Before I begin let me emphasise that I am a regular person. There is nothing exceptional or extraordinary about me; hence, I never thought I’d be writing this article. I’m just a guy that loves his bike and this is where it took me...
Until I was there, I never would have imagined visiting a city so foreign and arcane sounding as Ouagadougou, the capital of Burkina Faso, or any other place like it for that matter. But I have indeed been there. The notion of crossing through the Sahara desert, using only the power of my legs and the collective will of my companions, seems difficult to comprehend. But again, I have managed to do it. And if someone told me that a bicycle would take me on a journey from Seville in Spain to Accra in Ghana I simply wouldn’t have believed them. But it was a journey that I will never forget and one that changed the way I live my life.
On the Second of November in 2010 I, along with my three companions Cameron, Sean and my brother Patrick, embarked on a journey through West Africa with the desire to broaden our horizons, chase our desire for eadventure while attempting to contribute to a region that we were travelling through in some way.
So, in aide of our partners at Y-Generation Against Poverty (YGAP) and City of Refuge Ministries (CORM), we rode through nine countries, covered 8000 kms and managed to raise over $40,000 to contribute to the fight against child slavery in Ghana's Lake Volta region.
After month’s of planning and training, we flew our bikes from Melbourne to Spain and embarked from Seville on the 4th of November 2010, with our bikes packed to the nines and our minds full of anticipation. We didn’t know what to expect and, although none of us liked to show it, we were racked with nerves.We made our way down south before boarding a ferry from Tarifa, crossing the Strait of Gibraltar, into Tangier, Morocco.
As we rolled off the gangplank, our tires hit African soil for the very first time. Hugging the Atlantic coast, our legs grew stronger, as we began to learn of the pleasures and perils of life on the road, from tough days on the bike with heavy legs to getting welcomed as though we were family into stranger’s houses for dinner. As we navigated through the mountains of Morocco we marveled in the wild landscape as well as the rich architectural and cultural history.
As built up civilization began to make way for nomadic towns, we eventually crossed into the disputed territory of Western Sahara and our trip started to change shape as we rode in the first dunes of the Sahara desert. Our need for self reliance increased as sources of food and water became more few and far between. It was a real test of our collective attrition.
After weeks of riding into tough, unseasonable headwinds our weary legs finally got us across the border into the Islamic Republic of Mauritania. We were lucky enough that a few years earlier a Chinese company had built brand new road running, north to south, through the top half of Mauritania so the last kilometers through the Sahara where a surprising pleasure.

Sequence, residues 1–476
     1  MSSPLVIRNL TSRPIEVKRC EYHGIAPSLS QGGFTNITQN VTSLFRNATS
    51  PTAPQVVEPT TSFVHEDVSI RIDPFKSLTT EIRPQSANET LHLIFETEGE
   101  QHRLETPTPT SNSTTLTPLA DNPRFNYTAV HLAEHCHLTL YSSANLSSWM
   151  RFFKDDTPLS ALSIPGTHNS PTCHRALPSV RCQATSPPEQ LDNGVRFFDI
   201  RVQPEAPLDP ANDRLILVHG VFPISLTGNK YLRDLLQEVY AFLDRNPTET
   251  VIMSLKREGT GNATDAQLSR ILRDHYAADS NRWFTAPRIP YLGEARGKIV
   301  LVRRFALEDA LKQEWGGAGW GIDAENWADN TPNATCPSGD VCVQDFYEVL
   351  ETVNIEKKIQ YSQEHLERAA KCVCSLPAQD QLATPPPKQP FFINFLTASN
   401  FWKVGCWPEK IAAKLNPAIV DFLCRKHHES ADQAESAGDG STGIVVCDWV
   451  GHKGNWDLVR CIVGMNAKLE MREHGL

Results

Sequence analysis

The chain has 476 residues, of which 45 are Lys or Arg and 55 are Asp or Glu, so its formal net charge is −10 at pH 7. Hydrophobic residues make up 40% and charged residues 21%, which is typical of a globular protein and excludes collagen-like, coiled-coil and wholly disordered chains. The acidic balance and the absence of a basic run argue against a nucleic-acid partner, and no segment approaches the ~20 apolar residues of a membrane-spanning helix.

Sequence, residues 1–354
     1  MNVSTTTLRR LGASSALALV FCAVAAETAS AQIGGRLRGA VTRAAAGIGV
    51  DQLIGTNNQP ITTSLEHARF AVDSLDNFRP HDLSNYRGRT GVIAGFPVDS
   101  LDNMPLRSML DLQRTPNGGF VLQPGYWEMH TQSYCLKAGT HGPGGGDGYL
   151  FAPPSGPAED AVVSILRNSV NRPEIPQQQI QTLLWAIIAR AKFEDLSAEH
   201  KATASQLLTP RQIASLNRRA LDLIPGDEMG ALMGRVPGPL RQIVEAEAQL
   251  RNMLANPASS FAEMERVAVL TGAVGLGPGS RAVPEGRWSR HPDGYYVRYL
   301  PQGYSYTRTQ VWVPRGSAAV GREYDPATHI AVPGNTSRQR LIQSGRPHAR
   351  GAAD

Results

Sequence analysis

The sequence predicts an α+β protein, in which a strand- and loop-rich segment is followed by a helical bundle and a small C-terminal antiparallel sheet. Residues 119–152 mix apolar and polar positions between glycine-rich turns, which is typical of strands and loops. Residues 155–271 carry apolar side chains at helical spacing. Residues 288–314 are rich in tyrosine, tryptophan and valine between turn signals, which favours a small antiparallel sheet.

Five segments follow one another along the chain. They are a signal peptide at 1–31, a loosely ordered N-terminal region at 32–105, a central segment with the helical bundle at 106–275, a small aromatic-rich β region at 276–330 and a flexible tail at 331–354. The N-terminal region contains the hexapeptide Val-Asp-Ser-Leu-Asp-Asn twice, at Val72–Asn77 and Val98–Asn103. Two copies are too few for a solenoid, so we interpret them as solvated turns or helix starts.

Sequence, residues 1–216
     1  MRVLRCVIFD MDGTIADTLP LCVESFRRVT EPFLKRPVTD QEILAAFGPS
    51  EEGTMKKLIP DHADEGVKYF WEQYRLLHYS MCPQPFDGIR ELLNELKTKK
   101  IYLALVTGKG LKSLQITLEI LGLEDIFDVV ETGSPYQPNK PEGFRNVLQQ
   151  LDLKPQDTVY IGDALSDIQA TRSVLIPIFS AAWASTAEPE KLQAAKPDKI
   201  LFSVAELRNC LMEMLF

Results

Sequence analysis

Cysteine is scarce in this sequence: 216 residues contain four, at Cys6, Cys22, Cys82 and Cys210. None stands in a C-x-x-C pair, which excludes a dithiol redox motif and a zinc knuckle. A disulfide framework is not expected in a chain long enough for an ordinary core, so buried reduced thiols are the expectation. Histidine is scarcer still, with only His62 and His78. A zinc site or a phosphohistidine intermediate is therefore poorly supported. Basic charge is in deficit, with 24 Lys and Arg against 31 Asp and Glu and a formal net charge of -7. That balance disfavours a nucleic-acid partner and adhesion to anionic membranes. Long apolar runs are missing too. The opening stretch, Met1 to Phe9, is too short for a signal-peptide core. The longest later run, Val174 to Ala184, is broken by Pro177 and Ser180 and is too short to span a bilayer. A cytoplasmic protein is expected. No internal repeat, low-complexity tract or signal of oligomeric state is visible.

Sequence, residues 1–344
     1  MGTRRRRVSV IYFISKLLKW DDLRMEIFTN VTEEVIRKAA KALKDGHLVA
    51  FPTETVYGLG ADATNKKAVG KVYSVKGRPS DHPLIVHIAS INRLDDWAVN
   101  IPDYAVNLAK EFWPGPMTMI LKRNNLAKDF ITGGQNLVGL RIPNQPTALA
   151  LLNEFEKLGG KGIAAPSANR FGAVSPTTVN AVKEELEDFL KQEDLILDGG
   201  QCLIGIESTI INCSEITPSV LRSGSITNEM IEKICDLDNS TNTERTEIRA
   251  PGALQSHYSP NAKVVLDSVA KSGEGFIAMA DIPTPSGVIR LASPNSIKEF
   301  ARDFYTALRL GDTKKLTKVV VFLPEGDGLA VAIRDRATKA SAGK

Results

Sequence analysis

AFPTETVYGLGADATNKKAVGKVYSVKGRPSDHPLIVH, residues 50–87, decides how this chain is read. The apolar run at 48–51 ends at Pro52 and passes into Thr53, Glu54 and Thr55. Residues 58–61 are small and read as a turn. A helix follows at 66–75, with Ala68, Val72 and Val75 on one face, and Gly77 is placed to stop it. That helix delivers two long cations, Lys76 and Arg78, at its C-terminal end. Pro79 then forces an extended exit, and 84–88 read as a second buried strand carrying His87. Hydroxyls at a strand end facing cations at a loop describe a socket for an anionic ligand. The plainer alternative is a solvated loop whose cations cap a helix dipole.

We arrived in Nouakchott, the capital of Mauritania, and took our first rest from the bikes in around a month, as we waited to be granted Senegalese visas from the local embassy. We had some time to take stock and reflect on our journey so far; the new experiences we had been exposed, the tests and trials we had passed through in the desert, the strength of camaraderie and of course all amazing people we had met.
After over a month on the road we felt like we had come so far, but unbeknownst to us our rest in Nouakchott was the beginning of some our most difficult episodes yet to come. Sean had managed to contract what we thought was a virus and I had had a run in with an insect that left a lasting bite on my right knee. We both got over the initial symptoms quickly and got on with it soon there after, thinking nothing of it.
So after a couple of days of recuperation, we were off riding again and made it to the Senegal river, which is the southern border of Mauritania, only a day before our visas expired. After a bit of a struggle to get through the notorious border crossing at a town called Rosso we were paddling across the river in pirogues (traditional fishing boats), away from Arabic Africa into the new world of Sub-Saharan Africa.
That sparse expanse of the desert, that we had gotten so used to, made way for flourishing vegetation and flowing water ways as we rode into beautiful St Louis, the largest city in northern Senegal. After spending the night in St Louis we awoke to find that my right knee was swollen and infected for reasons that at that time weren't exactly clear. In this condition, I was unable to ride a bike and amidst the confusion fears that I would have to pack my bags and head home began to set in.
After brief deliberation it was decided that group would split in two; with Pat and I taking a taxi down to Dakar, some 250 kms away, to seek further medical assistance and Cam and Sean riding on behind us in the hope of meeting us there in a couple of days.
Upon arrival in Dakar we were still unsure as to the reason behind this infection, and owing to our poor comprehension of French any answers we were after were getting lost in translation. Eventually the doctor we were consulting decided to bite the bullet rather than continue if miscommunication; she got me to lie down on the bed of our hotel room, put a surgical sheet over the lower half of my body, stuck a piece of wood in my mouth and pulled out a blade. I was engulfed by the fear of the unknown, but in no position to argue as she lent in with her blade....
Check back next week for Part 2 of 'The Places You'll Go: West Africa'.